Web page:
1 Kings 2 The Day of Reckoning

(David to Solomon) And keep the charge of the Lord your God: to walk in His ways, to keep His statutes, His commandments, His judgments, and His testimonies, as it is written in the Law of Moses, that you may prosper in all that you do and wherever you turn; 1 Kings 2:3

David’s charge to Solomon: 2:1-12. After a time of co-rule, David is near death.  He gives his final instructions to his son.  “Show yourself a man,” David commands, and underlines the need to keep all of God’s commandments wholeheartedly (2-4).  David also instructs Solomon to deal with several of his old enemies.

Solomon’s control established: 2:13-46.  After David dies Adonijah maneuvers for another try at the throne.  He asks through Solomon’s mother to marry one of David’s concubines — a girl who cared for David in his last months (1-4).  By custom, a king’s concubines are part of the inheritance of his heir (cf 2 Sam. 16:21).  Such a marriage would provide basis for a later claim to Solomon’s throne by the popular (1 Kings 2:15) Adonijah.  Solomon immediately puts Adonijah to death for treason.  There is no indication Solomon harmed other brothers.

15  Then he said, “You know that the kingdom was mine, and all Israel had set their expectations on me, that I should reign. However, the kingdom has been turned over, and has become my brother’s; for it was his from the Lord.

22  And King Solomon answered and said to his mother, “Now why do you ask Abishag the Shunammite for Adonijah? Ask for him the kingdom also–for he is my older brother–for him, and for Abiathar the priest, and for Joab the son of Zeruiah.” 23  Then King Solomon swore by the Lord, saying, “May God do so to me, and more also, if Adonijah has not spoken this word against his own life! 24  Now therefore, as the Lord lives, who has confirmed me and set me on the throne of David my father, and who has established a house [1] for me, as He promised, Adonijah shall be put to death today!” 25  So King Solomon sent by the hand of Benaiah the son of Jehoiada; and he struck him down, and he died.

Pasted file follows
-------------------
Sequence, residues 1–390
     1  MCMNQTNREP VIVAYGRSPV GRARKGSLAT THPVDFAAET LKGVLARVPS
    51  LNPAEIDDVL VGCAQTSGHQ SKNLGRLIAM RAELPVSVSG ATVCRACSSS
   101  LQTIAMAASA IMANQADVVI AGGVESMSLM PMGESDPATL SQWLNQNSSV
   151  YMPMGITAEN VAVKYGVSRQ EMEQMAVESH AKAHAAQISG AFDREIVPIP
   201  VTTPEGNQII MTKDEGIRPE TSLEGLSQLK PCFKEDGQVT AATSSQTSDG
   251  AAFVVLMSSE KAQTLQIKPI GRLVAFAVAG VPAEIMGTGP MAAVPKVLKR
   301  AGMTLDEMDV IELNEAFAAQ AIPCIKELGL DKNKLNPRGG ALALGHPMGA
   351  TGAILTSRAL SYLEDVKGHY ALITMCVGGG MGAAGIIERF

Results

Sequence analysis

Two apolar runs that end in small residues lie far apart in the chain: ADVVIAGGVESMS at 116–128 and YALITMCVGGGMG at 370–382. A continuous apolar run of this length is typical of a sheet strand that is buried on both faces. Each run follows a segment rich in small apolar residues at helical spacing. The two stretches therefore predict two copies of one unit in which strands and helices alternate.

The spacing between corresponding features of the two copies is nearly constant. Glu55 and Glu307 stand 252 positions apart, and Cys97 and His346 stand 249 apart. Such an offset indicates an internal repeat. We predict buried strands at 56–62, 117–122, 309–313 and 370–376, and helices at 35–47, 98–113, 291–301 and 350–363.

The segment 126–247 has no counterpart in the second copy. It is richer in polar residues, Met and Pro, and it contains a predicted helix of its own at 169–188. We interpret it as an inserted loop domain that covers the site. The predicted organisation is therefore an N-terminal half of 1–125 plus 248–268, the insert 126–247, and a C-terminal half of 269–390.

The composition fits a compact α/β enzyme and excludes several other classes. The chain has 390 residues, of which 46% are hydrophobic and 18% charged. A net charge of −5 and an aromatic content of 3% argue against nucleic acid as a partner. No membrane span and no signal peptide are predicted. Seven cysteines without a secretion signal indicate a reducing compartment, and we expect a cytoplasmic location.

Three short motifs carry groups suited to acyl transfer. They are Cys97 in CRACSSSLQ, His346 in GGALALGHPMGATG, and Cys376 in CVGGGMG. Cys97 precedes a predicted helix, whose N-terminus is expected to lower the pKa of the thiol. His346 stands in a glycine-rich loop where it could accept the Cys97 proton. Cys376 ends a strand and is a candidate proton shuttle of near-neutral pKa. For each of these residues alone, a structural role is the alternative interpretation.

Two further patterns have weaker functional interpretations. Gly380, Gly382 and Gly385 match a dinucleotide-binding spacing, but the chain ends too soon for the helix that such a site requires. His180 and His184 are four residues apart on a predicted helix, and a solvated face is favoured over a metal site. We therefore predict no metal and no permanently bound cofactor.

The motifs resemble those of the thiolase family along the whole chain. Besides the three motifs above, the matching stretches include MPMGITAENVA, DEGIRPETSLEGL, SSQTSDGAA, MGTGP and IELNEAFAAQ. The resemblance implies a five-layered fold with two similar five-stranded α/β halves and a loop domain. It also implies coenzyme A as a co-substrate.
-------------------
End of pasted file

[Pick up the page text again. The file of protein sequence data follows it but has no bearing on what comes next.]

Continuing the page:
Solomon finds ways to deal with his fathers enemies — Abiathar, Joab and Shimei.

27 So Solomon removed Abiathar from being priest to the Lord, that he might fulfill the word of the Lord which He spoke concerning the house of Eli at Shiloh.

–> When Abiathar was removed from office as a priest, his influence was greatly restricted.  Solomon spared Abiathar’s life in recognition of his past service to God and David (2 Sam. 15:24 29:1 Chr. 15:11-15).  With this act God’s word to Eli came to fulfillment.  Eli’s descendants were removed from serving the Lord (1 Sam. 2:30-33).

28 Then news came to Joab, for Joab had defected to Adonijah, though he had not defected to Absalom. So Joab fled to the tabernacle of the Lord, and took hold of the horns of the altar. 29 And King Solomon was told, “Joab has fled to the tabernacle of the Lord; there he is, by the altar.” Then Solomon sent Benaiah the son of Jehoiada, saying, “Go, strike him down.”

42 Then the king sent and called for Shimei, and said to him, “Did I not make you swear by the Lord, and warn you, saying, ‘Know for certain that on the day you go out and travel anywhere, you shall surely die’? And you said to me, ‘The word I have heard is good.’ 43 Why then have you not kept the oath of the Lord and the commandment that I gave you?” 44 The king said moreover to Shimei, “You know, as your heart acknowledges, all the wickedness that you did to my father David; therefore the Lord will return your wickedness on your own head.

Death of David

10 So David rested with his fathers, and was buried in the City of David. 11 The period that David reigned over Israel was forty years; seven years he reigned in Hebron, and in Jerusalem he reigned thirty-three years.

–> At the end of his rule in Jerusalem for 33 years, judgements on David’s enemies finally came. They must have thought that their day of reckoning would never come.  But it did!


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